Why must you continually state the position of others instead of asking for it. Absence of evidence is not evidence of absence, but, the claim is that your supernatural character has influence on the natural world. That would be unequivocally testable.<quoted text>
I'm not sure if you know it, but you ask the impossible.
"Proven does not equate with supernatural.
Supernatural would mean something that is outside the known natural processes of the universe and therefore is unable to be proven.
I think you've convinced yourself that if a thing cannot be proven, it does not exist. Is that correct?
We can triple down on your pretzel logic:
Atheist: There is no evidence for a god or gods.
You: Prove it
Atheist: Prove that I can't prove there is no evidence for a god or gods.
Infinite regress rears its ugly head, again.
Claiming that the supernatural, by its nature, is unprovable renders it impotent. If it is untestable then it has no effect on the natural world and is therefore a useless concept. Yes, you can dismiss this with the old mysterious god meme, or that the divine master is unknowable, but, what is most curious about that is how knowable the divine master is to the billions of self-appointed spokesmodels around the world. People sure do claim to know a lot about the unknowable. You are compartmentalizing your beliefs which results in nothing more than special pleading. I trust you proffer a more jaundiced eye to the claims of car salesmen and TV pitchmen.
When there is not sufficient evidence to support a claim, the default position should be rational skepticism if the goal is to minimize the number of false beliefs and maximize the number of true beliefs one holds. A central problem of faith is that if it can form a reasonable basis for believing one proposition without evidence, why does it not also form a reasonable basis for believing a contrary proposition? By what means can faith be discerned to lead to true beliefs, when it can be used with equal effectiveness to support conflicting propositions? One cannot argue that faith claims can be rationally evaluated in any way whatsoever to demonstrate their truth, because once faith claims are rationally considered against alternative hypotheses, the claims are either no longer held in favor of an alternative claim or no longer based on faith. If I maintain that there is no strong evidence for the presence of a divine master, you probably counter that you have faith to replace evidence. Ironically, many theists have the confidence to deny the existence of fairy tale creatures from other mythologies and cultures, and deities of other religions, for which there is likewise no strong evidence. The only common thread is cultural conditioning.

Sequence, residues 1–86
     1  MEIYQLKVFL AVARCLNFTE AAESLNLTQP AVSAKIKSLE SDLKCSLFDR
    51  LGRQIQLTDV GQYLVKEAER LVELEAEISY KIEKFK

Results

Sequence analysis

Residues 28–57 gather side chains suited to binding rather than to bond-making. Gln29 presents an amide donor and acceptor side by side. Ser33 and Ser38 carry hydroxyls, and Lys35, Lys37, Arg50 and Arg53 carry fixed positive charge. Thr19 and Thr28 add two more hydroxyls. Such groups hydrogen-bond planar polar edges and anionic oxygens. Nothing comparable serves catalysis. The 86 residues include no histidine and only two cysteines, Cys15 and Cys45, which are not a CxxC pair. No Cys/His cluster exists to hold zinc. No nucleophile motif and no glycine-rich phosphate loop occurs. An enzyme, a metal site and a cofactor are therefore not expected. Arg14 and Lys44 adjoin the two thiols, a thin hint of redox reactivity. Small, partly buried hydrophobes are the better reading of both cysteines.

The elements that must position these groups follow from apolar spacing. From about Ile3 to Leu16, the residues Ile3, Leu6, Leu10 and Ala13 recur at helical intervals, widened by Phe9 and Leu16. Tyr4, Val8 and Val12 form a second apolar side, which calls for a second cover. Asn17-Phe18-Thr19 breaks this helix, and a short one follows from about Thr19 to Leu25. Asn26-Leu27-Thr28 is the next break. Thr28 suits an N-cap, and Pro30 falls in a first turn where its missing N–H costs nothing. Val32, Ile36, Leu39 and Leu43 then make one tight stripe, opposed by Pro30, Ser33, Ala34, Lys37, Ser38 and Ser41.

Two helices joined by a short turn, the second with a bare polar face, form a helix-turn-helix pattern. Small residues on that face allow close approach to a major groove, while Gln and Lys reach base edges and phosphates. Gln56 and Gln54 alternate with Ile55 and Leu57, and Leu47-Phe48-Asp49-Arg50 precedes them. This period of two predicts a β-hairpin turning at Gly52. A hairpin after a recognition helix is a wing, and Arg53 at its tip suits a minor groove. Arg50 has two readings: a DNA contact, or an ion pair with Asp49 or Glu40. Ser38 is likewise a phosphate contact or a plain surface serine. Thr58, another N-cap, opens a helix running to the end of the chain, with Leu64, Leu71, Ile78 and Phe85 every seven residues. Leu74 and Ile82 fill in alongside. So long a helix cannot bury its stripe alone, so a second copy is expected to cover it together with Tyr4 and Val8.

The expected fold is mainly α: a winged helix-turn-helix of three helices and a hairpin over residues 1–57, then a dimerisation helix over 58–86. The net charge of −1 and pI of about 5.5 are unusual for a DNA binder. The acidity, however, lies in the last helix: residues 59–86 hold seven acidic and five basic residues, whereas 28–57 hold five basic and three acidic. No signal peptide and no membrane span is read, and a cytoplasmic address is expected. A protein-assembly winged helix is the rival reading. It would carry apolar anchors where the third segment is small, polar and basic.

Hey, I get it. No one wants to die. The dream of the ego living forever is intoxicating. What is most curious is that the dream is always culturally conditioned.
I love when William Lane Craig equates his god to a flea. That's awesome. You can see the elephant in the courtyard, but not the flea. That doesn't mean the flea doesn't exist. Haha.